Have £1,000 to invest? One FTSE 100 dividend stock I’d buy for my pension

Roland Head reveals the name of a FTSE 100 (INDEXFTSE:UKX) stock he’d be happy to buy and hold until retirement.

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Today I’m looking at two stocks I’d rate as long-term buys for investors building a pension fund.

Both of these companies have a long track record of profitability and dividend growth. In my view they are both shares you could buy today and safely forget for 10 years.

Family owners take the long view

There aren’t many FTSE 100 stocks that are still family-owned and run. One exception is Associated British Foods (LSE: ABF). Chief executive George Weston is a member of the founding Weston family, which controls around 55% of the group’s shares.

ABF is an old-fashioned conglomerate. It owns budget fashion retailer Primark as well as a number of food and ingredients businesses. These include Twinings, Ovaltine, Jordans and Allied Bakeries plus AB Sugar, a major global sugar producer.

Primark has been a star performer in recent years and now accounts for more than half of all profits. Meanwhile, conditions have been tougher in some other parts of the business. The group has continued to invest selectively in new opportunities, including expanding Primark into the USA.

This conservative and long-term approach is typical of family-run businesses, who don’t want to risk the wealth they’ve built up over generations. After all, I estimate that the Weston holdings generate a dividend income from ABF of about £177m per year.

Is 28% fall a buying opportunity?

Investors have started to become wary of the group’s dependence on Primark for growth. Associated British Foods’ share price has fallen by 28% over the last year.

To some extent, this caution may be justified. This week’s trading update showed that total sales at Primark are expected to have risen by 6% this year, but like-for-like sales are down by 2%. This means that the retailer is increasing its sales by adding new stores, but that existing stores are selling less.

However, management guidance is for group profits to continue growing this year. Analysts expect earnings per share to rise by 5% and have pencilled in a 6.8% dividend increase.

With the shares now trading on just 16 times earnings and offering a 2% yield, I think it could be time for long-term investors to start buying ABF.

Packing a lot of growth

Another growth stock that’s been on my watch list for a long time is Hilton Food Group (LSE: HFG). Shares in this meat-packing business rose by more than 3% on Tuesday after it reported a 25% rise in half-year sales, which rose to £863.6m.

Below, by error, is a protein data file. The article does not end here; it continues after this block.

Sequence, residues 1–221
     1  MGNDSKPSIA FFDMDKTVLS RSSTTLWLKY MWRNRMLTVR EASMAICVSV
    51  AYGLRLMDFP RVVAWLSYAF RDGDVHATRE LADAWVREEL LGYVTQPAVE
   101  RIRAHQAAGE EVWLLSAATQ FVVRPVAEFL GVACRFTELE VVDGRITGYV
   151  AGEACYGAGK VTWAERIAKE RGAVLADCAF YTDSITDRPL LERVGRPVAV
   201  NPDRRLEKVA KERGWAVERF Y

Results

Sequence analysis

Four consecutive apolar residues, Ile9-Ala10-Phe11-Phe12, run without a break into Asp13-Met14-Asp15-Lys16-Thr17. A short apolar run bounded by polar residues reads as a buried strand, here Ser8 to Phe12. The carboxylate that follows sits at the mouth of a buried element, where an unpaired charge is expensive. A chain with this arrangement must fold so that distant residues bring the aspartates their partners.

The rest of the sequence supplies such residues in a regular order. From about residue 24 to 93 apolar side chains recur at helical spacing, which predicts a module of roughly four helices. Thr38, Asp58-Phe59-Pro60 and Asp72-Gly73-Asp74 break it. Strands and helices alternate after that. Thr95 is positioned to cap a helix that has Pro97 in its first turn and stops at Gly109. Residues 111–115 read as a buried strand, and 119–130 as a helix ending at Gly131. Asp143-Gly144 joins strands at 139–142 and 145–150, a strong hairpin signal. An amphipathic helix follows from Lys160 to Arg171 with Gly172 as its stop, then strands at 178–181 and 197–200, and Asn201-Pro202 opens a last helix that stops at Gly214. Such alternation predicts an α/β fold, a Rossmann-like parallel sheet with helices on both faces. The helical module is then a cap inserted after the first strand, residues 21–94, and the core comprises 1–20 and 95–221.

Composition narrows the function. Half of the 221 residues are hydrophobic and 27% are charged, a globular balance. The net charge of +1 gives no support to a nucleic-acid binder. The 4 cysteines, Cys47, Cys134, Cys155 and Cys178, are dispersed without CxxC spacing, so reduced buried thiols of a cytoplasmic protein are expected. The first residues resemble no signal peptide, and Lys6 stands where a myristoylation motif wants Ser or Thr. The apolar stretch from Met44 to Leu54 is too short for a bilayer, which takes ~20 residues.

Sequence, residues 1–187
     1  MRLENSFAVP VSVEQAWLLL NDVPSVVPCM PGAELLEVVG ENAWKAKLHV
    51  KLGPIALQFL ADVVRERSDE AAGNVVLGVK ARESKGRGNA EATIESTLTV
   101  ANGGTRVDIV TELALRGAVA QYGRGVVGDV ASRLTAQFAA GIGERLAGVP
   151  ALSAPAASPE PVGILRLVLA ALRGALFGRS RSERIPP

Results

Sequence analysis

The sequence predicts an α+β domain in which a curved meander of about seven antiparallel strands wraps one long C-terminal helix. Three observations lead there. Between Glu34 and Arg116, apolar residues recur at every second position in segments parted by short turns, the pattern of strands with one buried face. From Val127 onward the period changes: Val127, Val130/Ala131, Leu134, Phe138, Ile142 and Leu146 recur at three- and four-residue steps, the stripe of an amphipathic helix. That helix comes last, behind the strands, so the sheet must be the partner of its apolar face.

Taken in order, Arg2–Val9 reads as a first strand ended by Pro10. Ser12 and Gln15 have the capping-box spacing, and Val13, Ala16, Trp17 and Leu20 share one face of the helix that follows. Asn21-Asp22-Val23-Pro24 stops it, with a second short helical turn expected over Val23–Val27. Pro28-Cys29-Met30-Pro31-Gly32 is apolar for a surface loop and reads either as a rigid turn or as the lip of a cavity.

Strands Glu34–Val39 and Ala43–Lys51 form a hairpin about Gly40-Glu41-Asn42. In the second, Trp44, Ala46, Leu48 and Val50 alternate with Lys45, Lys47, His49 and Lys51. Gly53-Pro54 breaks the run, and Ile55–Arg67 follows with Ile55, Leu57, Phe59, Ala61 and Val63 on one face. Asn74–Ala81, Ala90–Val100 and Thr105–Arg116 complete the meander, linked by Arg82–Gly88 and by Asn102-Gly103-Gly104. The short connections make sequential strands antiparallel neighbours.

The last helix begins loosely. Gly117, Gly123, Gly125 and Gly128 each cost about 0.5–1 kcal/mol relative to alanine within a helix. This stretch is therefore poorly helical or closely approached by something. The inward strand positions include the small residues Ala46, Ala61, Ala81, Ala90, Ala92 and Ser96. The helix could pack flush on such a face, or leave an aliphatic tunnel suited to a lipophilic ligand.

Pre-tax profit was 20.9% higher, at £22.3m and the group’s adjusted earnings rose by 10% to 21.2p per share. This supported a 12% increase in the interim dividend, which will rise to 5.6p per share.

This strong growth was driven by a 12.7% increase in the quantity of food sold. Higher pricing on fish helped lift sales, along with the launch of a fresh food offering in Central Europe.

I’d sit tight

The group’s share price has risen by 122% over the last five years, outperforming ABF by 100%. Hilton shares don’t look cheap at all on 23 times forecast earnings.

But the group’s return on capital employed of 16% makes it more profitable than its supermarket customers or indeed ABF. These high returns fuel strong cash generation and have allowed Hilton to expand while maintaining a net cash balance.

In my view this quality is probably worth paying for. I maintain my buy rating on this firm.

Should you invest, the value of your investment may rise or fall and your capital is at risk. Before investing, your individual circumstances should be assessed. Consider taking independent financial advice.

Roland Head has no position in any of the shares mentioned. The Motley Fool UK has recommended Associated British Foods. Views expressed on the companies mentioned in this article are those of the writer and therefore may differ from the official recommendations we make in our subscription services such as Share Advisor, Hidden Winners and Pro. Here at The Motley Fool we believe that considering a diverse range of insights makes us better investors.

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